Commenced in January 2007
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Edition: International
Paper Count: 3

event-related potentials Related Abstracts

3 Neural Correlates of Arabic Digits Naming

Authors: Fernando Ojedo, Alejandro Alvarez, Pedro Macizo

Abstract:

In the present study, we explored electrophysiological correlates of Arabic digits naming to determine semantic processing of numbers. Participants named Arabic digits grouped by category or intermixed with exemplars of other semantic categories while the N400 event-related potential was examined. Around 350-450 ms after the presentation of Arabic digits, brain waves were more positive in anterior regions and more negative in posterior regions when stimuli were grouped by category relative to the mixed condition. Contrary to what was found in other studies, electrophysiological results suggested that the production of numerals involved semantic mediation.

Keywords: semantic processing, Arabic digit naming, event-related potentials, number production

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2 The Perception and Integration of Lexical Tone and Vowel in Mandarin-speaking Children with Autism: An Event-Related Potential Study

Authors: Yang Zhang, Rui Wang, Dan Huang, Suiping Wang, Luodi Yu, Hsuan-Chih Chen

Abstract:

Enhanced discrimination of pure tones but diminished discrimination of speech pitch (i.e., lexical tone) were found in children with autism who speak a tonal language (Mandarin), suggesting a speech-specific impairment of pitch perception in these children. However, in tonal languages, both lexical tone and vowel are phonemic cues and integrally dependent on each other. Therefore, it is unclear whether the presence of phonemic vowel dimension contributes to the observed lexical tone deficits in Mandarin-speaking children with autism. The current study employed a multi-feature oddball paradigm to examine how vowel and tone dimensions contribute to the neural responses for syllable change detection and involuntary attentional orienting in school-age Mandarin-speaking children with autism. In the oddball sequence, syllable /da1/ served as the standard stimulus. There were three deviant stimulus conditions, representing tone-only change (TO, /da4/), vowel-only change (VO, /du1/), and change of tone and vowel simultaneously (TV, /du4/). EEG data were collected from 25 children with autism and 20 age-matched normal controls during passive listening to the stimulation. For each deviant condition, difference waveform measuring mismatch negativity (MMN) was derived from subtracting the ERP waveform to the standard sound from that to the deviant sound for each participant. Additionally, the linear summation of TO and VO difference waveforms was compared to the TV difference waveform, to examine whether neural sensitivity for TV change detection reflects simple summation or nonlinear integration of the two individual dimensions. The MMN results showed that the autism group had smaller amplitude compared with the control group in the TO and VO conditions, suggesting impaired discriminative sensitivity for both dimensions. In the control group, amplitude of the TV difference waveform approximated the linear summation of the TO and VO waveforms only in the early time window but not in the late window, suggesting a time course from dimensional summation to nonlinear integration. In the autism group, however, the nonlinear TV integration was already present in the early window. These findings suggest that speech perception atypicality in children with autism rests not only in the processing of single phonemic dimensions, but also in the dimensional integration process.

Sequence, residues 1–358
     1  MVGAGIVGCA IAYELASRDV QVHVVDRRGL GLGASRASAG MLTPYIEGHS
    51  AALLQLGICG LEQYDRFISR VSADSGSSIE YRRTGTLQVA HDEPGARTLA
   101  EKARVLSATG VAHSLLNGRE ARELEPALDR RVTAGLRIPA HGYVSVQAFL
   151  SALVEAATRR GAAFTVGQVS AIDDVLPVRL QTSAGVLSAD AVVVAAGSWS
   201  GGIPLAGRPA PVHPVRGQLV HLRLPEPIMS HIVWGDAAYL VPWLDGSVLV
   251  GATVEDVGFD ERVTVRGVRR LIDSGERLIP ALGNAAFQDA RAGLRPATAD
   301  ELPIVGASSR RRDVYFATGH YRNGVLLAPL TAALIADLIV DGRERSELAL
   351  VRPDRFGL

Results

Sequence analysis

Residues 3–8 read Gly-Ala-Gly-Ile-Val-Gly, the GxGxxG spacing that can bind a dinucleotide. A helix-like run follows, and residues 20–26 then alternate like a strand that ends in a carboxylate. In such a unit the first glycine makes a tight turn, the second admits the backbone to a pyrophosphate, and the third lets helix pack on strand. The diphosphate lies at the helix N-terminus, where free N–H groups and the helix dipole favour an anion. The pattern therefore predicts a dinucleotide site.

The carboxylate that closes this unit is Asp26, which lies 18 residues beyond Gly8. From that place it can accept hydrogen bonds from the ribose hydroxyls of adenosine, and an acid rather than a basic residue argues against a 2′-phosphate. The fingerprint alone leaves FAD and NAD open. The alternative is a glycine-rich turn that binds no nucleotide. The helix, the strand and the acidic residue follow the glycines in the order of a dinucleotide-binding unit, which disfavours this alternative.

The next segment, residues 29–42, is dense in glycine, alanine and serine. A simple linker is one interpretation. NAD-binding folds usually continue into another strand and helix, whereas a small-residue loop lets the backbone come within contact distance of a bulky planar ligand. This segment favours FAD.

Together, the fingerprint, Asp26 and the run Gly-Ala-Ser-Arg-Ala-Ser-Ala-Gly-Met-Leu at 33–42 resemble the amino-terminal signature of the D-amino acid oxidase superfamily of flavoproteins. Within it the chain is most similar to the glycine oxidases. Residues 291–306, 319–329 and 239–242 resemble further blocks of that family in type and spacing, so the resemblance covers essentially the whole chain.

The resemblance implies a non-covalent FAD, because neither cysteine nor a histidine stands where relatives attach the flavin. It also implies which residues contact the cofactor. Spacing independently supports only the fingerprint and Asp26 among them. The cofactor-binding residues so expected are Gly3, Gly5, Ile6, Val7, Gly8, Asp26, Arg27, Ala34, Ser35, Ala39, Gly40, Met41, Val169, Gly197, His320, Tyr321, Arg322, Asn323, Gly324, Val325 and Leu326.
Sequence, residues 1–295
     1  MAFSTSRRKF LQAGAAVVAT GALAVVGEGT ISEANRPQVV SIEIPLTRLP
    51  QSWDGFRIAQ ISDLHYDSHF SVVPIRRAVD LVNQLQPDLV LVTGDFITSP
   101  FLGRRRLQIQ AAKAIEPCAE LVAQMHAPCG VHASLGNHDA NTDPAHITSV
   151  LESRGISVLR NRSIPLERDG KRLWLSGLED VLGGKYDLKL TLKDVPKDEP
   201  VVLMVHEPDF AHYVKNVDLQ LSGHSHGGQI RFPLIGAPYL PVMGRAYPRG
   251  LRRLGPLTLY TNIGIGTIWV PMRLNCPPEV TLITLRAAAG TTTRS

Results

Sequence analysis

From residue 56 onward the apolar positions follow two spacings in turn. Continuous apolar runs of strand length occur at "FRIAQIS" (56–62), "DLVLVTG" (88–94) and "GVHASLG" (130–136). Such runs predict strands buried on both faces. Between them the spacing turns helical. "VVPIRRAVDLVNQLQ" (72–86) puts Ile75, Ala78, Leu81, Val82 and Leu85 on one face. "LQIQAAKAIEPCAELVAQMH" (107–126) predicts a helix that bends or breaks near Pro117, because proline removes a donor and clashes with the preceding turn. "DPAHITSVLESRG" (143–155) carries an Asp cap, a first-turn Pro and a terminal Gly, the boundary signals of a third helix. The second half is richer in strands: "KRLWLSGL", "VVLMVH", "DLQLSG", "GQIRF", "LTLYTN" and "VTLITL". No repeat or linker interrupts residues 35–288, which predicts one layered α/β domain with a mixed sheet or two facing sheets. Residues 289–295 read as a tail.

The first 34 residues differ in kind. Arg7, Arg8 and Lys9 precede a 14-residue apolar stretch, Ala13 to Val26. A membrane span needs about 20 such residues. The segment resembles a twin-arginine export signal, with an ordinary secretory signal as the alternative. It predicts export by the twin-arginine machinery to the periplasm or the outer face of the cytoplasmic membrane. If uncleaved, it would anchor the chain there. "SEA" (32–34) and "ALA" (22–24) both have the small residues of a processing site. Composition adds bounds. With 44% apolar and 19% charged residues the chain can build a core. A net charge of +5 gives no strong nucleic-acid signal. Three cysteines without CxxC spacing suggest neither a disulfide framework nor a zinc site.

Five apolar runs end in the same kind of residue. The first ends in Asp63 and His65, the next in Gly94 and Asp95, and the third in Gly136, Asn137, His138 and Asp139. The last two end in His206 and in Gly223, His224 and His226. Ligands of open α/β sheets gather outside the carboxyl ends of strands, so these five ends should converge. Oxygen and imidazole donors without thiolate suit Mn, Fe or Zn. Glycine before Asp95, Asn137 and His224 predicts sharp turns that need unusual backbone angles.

Keywords: autism, Speech Perception, mismatch negativity, event-related potentials

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1 The Patterns of Cross-Sentence: An Event-Related Potential Study of Mathematical Word Problem

Authors: Tien-Ching Yao, Ching-Ching Lu

Abstract:

Understanding human language processing is one of the main challenges of current cognitive neuroscience. The aims of the present study were to use a sentence decision task combined with event-related potentials to investigate the psychological reality of "cross-sentence patterns." Therefore, we take the math word problems the experimental materials and use the ERPs' P600 component to verify. In this study, the experimental material consisted of 200 math word problems with three different conditions were used ( multiplication word problems、division word problems type 1、division word problems type 2 ). Eighteen Mandarin native speakers participated in the ERPs study (14 of whom were female). The result of the grand average waveforms suggests a later posterior positivity at around 500ms - 900ms. These findings were tested statistically using repeated measures ANOVAs at the component caused by the stimulus type of different questions. Results suggest that three conditions present significant (P < 0.05) on the Mean Amplitude, Latency, and Peak Amplitude. The result showed the characteristic timing and posterior scalp distribution of a P600 effect. We interpreted these characteristic responses as the psychological reality of "cross-sentence patterns." These results provide insights into the sentence processing issues in linguistic theory and psycholinguistic models of language processing and advance our understanding of how people make sense of information during language comprehension.

Keywords: Language Processing, event-related potentials, sentence comprehension, cross-sentence patterns

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